That mind-set did not form in a vacuum, but as the result of several large-scale media campaigns the authorities have conducted over the last 25 years.

The first such campaign launched in 1991 with the publication of thousands of documents denouncing the Bolsheviks and Vladimir Lenin for colluding with German intelligence, for acts of unjustifiable cruelty and for pursuing utopian plans for restructuring Russian society in according to Marxist dogmas.

The documents blamed the revolutionaries for all of the many ills that Russia subsequently suffered during the 20th century — from the failure to defeat Germany in World War I to the severe economic crisis that the Soviet Union suffered on the eve of its collapse.

According to this logic, were it not for the revolutionaries, Russia would now be a developed and prosperous country and its citizens would be just as well fed and well groomed as those in the United States and Europe. If not for the revolutionaries and those who sympathized with them, they argue, Russia would not be in this condition.

These ideas actively fueled anti-revolutionary emigre literature that became available to every Russian citizen after the fall of communist ideology. According to various sources, as many as 2 million people fled Russia during the civil war.

Most of them were educated, creative and prosperous people. There was even a "ship of philosophers" — approximately 200 writers, philosophers and social commentators that the government deemed undesirable and literally shipped out of the country on a single vessel.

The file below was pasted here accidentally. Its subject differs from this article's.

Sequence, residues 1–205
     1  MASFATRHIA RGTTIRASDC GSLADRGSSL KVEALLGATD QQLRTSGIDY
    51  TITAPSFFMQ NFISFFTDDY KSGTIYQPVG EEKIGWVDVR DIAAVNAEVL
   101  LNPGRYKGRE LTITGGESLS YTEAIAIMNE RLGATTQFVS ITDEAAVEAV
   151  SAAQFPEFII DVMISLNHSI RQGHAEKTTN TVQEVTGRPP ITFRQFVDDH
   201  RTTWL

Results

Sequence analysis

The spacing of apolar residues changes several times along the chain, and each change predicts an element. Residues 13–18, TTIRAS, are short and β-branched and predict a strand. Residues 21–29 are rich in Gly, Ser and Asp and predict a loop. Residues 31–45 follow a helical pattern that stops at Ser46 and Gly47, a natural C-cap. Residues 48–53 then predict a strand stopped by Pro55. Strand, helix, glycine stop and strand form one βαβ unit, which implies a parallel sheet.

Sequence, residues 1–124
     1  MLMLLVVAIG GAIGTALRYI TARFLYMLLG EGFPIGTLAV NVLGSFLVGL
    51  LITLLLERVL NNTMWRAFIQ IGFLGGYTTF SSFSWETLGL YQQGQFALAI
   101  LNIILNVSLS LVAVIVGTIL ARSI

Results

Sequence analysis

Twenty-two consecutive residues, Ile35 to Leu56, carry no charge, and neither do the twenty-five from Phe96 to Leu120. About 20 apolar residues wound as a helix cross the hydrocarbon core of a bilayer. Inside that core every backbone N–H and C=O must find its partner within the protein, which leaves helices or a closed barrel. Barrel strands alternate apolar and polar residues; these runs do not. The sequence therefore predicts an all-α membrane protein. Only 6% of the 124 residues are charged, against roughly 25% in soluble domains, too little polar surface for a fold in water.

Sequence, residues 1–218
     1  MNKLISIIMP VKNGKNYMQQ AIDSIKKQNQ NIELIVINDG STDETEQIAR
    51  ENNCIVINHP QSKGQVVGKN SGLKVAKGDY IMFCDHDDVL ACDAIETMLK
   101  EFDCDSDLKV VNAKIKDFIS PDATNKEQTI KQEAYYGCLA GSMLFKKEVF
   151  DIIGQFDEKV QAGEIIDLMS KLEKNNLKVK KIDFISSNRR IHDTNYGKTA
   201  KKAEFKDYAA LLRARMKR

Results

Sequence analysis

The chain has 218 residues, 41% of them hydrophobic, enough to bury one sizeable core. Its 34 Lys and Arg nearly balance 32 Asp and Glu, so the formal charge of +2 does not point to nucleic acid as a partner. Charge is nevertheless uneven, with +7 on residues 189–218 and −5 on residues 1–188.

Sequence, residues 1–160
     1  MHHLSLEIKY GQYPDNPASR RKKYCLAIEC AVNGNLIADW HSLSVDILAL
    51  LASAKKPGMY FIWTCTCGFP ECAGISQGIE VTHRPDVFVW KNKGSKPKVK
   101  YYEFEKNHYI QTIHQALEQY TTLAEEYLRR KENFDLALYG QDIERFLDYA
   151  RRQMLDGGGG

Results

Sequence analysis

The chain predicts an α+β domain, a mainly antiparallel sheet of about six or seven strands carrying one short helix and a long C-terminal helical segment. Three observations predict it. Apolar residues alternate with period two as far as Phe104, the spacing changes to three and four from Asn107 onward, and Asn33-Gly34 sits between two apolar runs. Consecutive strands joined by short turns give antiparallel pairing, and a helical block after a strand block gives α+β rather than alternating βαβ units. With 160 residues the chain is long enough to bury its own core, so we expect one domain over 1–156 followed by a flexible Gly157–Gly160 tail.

Not surprisingly, for the 70 years that the Iron Curtain separated them from their homeland, they wrote and utilized all their skills and talents to propound the evils of revolution in general, and the Russian Revolution in particular.

Nobel Prize winner Ivan Bunin, who had emigrated to France, wrote numerous anti-revolutionary works, including the novel "The Cursed Days" that Russian filmmaker Nikita Mikhalkov turned into a major production for the screen last year. Both the novel and the film adaptation are full of sharply worded criticisms of the revolutionaries that capture the essence of Bunin's works for Russian readers and viewers.

The role of the Moscow Patriarchate deserves special mention here. The Russian Orthodox Church opposes revolution on the grounds that thousands of people were martyred by the Soviet secret police, the NKVD, at the Butovo firing range outside Moscow. Every Orthodox church in Russia displays an icon honoring those who gave their lives for their faith.